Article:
As I stare at the cover of At the Waterline it makes me want to read the novel again, or at least makes me wish I had seen the cover design first. I read the novel as a PDF document before the cover was developed. It’s remarkable how much a book’s cover can affect the reading experience; if I had seen the cover first, my expectations of the story would have differed greatly—from standard nonfiction to mysterious death and drama.
I’ve always judged a book by its cover even though the saying tells you not to, and I doubt that anyone would completely dismiss the cover when deciding whether to read a book. After researching some cover trends both today and in recent years, I wondered how well At the Waterline stands against today’s market trends.
According to Thomas McGee, two main principles are keeping it simple and making sure that the cover conveys the content of the book in a compelling way. The growth of online retail has greatly influenced covers to become more simplistic in their designs. They need to be identifiable at the “thumbnail size” due to the smaller screen allowance of some websites.
I compiled a list of cover trends and broke them down into the following categories:
- Symbolic and simple: A cover with one object as a focus or just text. Graphics or outlines replace more realistic photographic images.
- Typographical focus: This is something that seems to change depending on the genre, author, and a few other factors. Titles using this design element either make the text large and bold, or “uneven, yet balanced,” (McGee). The text in many cases “doubles as the title and imagery” like in At the Waterline.
- Illustrations: Illustrations are leaning toward a “pattern-oriented design” (McGee) and becoming more symbolistic.
- Color: Limited color palette and a lot of contrast on book covers have become more popular to make books stand out.
Next, on the website RightlyDesigned, McGee also identifies genre trends as an effect of a singular book’s popularity. To put it another way, when a book has risen above the others of its genre, it sets the trend of what is in style. As a sidenote, genre trends also occur because often the covers were made to target a specific audience, so genre trends are also genre signals, which is why I’ve separated genre trends from the list above.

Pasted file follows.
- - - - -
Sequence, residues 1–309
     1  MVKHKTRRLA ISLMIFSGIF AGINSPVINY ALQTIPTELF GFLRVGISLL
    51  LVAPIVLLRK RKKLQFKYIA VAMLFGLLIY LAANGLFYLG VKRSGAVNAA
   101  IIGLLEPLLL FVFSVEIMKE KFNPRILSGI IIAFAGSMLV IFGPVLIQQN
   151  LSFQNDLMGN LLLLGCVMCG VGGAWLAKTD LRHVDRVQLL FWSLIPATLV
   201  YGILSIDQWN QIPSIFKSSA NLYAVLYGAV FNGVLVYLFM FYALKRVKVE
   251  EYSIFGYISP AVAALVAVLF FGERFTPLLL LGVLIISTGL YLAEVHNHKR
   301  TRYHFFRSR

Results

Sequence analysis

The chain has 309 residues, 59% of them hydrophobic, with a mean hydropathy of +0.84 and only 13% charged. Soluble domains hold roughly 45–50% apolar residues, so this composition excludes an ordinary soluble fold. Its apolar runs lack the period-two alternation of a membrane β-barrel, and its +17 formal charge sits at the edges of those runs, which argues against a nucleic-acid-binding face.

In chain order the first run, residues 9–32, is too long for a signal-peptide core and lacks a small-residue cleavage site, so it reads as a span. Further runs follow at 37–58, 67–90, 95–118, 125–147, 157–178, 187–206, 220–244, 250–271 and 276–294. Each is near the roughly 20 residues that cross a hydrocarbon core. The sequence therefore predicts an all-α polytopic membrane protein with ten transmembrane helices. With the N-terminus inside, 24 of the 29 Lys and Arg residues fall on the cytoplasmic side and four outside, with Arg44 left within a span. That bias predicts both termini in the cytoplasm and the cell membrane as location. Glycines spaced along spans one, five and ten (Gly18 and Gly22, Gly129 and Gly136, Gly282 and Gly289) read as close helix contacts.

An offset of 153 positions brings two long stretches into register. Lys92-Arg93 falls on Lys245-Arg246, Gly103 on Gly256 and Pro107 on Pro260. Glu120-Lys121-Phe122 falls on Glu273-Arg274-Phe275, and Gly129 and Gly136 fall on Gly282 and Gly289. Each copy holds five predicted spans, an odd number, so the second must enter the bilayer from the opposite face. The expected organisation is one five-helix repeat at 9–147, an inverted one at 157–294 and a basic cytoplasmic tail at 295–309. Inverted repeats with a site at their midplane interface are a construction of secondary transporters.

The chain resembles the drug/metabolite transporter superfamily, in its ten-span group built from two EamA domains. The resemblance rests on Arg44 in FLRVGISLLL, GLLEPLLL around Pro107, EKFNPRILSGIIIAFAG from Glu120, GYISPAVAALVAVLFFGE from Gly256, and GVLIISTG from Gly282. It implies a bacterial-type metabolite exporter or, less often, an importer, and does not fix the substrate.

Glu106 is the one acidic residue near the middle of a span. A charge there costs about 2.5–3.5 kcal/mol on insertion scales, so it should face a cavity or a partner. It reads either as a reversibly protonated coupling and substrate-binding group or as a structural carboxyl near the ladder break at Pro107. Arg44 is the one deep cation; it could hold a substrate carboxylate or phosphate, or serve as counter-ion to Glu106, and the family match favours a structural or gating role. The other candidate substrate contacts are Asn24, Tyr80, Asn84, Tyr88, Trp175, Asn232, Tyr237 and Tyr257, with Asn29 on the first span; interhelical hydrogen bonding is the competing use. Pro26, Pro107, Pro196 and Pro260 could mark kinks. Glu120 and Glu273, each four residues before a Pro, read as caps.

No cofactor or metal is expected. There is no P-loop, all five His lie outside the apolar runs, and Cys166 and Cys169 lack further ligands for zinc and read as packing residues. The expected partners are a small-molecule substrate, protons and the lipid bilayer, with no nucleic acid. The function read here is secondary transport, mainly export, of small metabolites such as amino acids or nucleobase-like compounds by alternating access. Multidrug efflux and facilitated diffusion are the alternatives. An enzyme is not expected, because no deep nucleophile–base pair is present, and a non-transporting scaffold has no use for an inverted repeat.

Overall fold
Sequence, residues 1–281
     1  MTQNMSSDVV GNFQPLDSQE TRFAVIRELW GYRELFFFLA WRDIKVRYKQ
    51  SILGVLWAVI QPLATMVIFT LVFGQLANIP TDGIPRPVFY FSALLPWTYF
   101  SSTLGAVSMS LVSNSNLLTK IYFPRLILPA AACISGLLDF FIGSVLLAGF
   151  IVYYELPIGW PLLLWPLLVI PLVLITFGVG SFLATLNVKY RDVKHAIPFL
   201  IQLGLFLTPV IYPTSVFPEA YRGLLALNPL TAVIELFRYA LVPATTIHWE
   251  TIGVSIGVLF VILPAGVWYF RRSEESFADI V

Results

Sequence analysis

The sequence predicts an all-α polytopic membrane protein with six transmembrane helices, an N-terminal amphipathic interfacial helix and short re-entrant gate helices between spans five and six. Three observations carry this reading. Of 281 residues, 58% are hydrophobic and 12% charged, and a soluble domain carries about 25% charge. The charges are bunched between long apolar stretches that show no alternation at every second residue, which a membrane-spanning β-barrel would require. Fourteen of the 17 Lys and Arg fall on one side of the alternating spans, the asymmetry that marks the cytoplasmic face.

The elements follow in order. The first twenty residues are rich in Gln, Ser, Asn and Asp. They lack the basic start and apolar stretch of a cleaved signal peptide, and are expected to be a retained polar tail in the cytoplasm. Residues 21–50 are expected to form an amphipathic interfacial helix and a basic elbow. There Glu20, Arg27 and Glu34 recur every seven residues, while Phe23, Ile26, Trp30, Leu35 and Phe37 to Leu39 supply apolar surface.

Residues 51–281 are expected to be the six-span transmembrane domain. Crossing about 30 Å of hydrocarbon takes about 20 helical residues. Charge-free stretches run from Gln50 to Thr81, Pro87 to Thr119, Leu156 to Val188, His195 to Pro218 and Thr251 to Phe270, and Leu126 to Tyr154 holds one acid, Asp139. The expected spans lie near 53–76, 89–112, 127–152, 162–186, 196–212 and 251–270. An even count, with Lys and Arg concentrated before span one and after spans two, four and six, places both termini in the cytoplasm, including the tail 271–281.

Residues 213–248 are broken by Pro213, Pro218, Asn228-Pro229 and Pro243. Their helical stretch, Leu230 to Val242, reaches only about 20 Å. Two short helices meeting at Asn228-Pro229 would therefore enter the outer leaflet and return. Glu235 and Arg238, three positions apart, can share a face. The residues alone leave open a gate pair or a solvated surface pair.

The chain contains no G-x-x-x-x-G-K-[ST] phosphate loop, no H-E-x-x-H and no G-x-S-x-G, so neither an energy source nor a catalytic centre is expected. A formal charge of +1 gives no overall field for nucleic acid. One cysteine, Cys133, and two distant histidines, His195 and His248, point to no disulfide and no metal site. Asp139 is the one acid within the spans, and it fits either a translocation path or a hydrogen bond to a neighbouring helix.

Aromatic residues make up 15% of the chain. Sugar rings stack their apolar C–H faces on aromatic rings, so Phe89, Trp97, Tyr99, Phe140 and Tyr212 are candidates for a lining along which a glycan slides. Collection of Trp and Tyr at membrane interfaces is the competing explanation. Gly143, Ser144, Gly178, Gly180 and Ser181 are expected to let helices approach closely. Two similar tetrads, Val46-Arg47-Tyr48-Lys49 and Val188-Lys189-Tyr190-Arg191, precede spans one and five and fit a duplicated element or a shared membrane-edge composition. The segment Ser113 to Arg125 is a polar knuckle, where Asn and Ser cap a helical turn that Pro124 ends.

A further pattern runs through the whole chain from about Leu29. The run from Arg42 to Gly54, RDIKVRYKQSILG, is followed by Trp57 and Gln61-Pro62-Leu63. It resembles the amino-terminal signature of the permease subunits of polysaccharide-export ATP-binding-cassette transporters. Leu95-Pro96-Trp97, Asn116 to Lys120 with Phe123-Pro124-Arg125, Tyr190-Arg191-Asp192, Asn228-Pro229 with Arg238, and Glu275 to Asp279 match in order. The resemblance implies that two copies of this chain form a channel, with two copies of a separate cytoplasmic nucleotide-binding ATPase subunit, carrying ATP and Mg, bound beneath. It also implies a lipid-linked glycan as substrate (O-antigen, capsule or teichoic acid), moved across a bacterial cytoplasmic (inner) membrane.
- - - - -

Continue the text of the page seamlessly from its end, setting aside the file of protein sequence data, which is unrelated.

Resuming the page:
Genre trends and Branding
- Faces of big name authors and celebrities. Their names might also be larger than the title since they are what draws in readers. Another instance when faces are used is in the memoir/(auto)biography genres.
- Eyes or head/body part cut off on the cover for the drama, mystery, and romance genres.
- Portraits/From the back image of character “to place you ‘alongside’ the book’s character” (McGee), or narrator in the case of the memoir/(auto)biography genres.
- Human silhouettes are found in many mystery genres.
- Bonneted woman are on Christian/Amish books.
- Lens flares or lights of some kind appear in the Christian genre.
- Borders are “a classic, fitting, historical look and feel” (McGee).
- White backgrounds are often found in the self-help genre.
- Handwritten typography is popular in the teen and young adult genre.
- San-serif fonts indicate modern, futuristic, and self-help books.
- Serif fonts indicate serious and historical genres.
Speaking further on genre trends, Tim Kreider informs readers of the line between genre fiction and other literature.
For some reason children’s books, Y.A. literature, and genre fiction still have license to beguile their readers with gorgeous cover illustration, but mature readers aren’t supposed to require such enticements. For serious literature to pander to us with cosmetic allurements would be somehow tacky, uncool. The more important a book is, the less likely there is to be anything at all on its cover.
So how does At the Waterline compare? Does the cover image fall on the correct side of the line to be considered literature, yet still entice? The cover of At the Waterline is simplistic. Again, the title doubles as text and imagery; its play on the the words At the Waterline is symbolic as well. The word “Waterline” looks like it’s a buoy keeping the houseboats in place. The text is uneven due to the split of the title, with half above the water and half below. It also has a san-serif font, which signals the modern setting of the novel, and a limited cover palette with contrast. Lastly, the images are graphic outlines rather than a realistic photo.